Summary: The Office for National Statistics' annual household spending report came out last week, so this week's chart is on how household spending has changed over the past decade (just in time for Christmas).
What does the chart show? The chart below from the Economic Research Council shows an index of household spending since 2001, broken down into several categories. They've taken the basic ONS average weekly household expenditure in 2012 prices, and adjusted it so that the figure within each category for 2001 is equal to 1. Any number greater than 1 therefore represents an increase in spending over time, while a number less than 1 represents a decrease in spending.
Why is the chart interesting? Over the past ten years, the UK's spending profile has changed considerably. Of the ten categories, spending has increased in half and decreased in the other half. Spending on communication, recreation and culture, housing and fuel costs, and health has increased over the period. Meanwhile the amount of money the average household spends on food, drinks of all kinds, tobacco products, restaurants and hotels, and transport has decreased since 2001.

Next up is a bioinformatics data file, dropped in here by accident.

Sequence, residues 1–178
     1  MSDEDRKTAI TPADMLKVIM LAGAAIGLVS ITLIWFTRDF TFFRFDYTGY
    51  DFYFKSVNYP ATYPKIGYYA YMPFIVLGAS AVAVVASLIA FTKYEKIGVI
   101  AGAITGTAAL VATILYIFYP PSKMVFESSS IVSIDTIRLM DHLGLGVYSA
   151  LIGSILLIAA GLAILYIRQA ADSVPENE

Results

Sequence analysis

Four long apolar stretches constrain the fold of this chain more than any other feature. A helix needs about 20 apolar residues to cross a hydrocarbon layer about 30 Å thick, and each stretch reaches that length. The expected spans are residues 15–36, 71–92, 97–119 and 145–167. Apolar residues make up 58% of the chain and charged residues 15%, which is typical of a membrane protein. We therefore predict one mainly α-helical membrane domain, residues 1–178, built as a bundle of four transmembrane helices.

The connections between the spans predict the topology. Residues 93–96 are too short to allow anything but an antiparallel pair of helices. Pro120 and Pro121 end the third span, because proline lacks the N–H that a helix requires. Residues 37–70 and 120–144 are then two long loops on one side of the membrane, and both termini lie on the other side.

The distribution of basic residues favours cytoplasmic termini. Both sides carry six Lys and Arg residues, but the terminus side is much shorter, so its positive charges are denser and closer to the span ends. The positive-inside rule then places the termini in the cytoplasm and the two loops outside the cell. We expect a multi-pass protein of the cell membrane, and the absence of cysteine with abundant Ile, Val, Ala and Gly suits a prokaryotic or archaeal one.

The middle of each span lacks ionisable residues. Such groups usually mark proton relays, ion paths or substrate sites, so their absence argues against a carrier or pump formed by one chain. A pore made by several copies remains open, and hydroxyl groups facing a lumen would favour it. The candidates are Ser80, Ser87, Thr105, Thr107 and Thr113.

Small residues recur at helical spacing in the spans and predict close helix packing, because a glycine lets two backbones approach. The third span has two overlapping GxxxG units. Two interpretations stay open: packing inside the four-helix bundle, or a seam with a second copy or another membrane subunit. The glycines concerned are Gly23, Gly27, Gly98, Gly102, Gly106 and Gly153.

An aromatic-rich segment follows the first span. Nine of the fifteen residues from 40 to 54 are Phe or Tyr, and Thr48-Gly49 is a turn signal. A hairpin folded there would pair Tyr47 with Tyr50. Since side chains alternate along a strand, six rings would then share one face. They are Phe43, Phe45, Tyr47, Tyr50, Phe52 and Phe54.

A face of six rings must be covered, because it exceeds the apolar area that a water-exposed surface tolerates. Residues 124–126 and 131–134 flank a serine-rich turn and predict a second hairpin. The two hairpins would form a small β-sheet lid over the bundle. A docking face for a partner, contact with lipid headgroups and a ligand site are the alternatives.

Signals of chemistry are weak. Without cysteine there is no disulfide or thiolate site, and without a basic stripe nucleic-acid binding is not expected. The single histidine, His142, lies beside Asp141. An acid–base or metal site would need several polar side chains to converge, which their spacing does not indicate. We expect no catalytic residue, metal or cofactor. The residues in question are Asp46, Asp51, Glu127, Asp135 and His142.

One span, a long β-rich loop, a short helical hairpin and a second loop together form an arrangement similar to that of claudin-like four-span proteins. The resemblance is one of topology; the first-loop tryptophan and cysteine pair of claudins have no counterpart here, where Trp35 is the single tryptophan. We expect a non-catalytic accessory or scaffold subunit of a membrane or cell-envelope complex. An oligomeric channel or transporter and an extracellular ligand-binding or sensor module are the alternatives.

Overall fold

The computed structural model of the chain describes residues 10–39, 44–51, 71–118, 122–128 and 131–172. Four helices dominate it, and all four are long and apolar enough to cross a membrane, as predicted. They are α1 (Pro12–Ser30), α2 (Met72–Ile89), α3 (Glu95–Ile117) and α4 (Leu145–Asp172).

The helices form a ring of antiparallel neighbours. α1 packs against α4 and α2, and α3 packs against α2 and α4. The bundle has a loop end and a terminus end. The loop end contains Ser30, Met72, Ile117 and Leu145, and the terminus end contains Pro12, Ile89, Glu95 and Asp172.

However, the two biggest changes are that household spending on education is now less than 60% of what it was in 2001, while spending on clothing and footwear is over 50% more than it was back then. Something to think about over the Christmas period!
The ERC Chart of the Week and Weekly Digest will be taking a break over the holidays, and will be back on the 8th January 2014.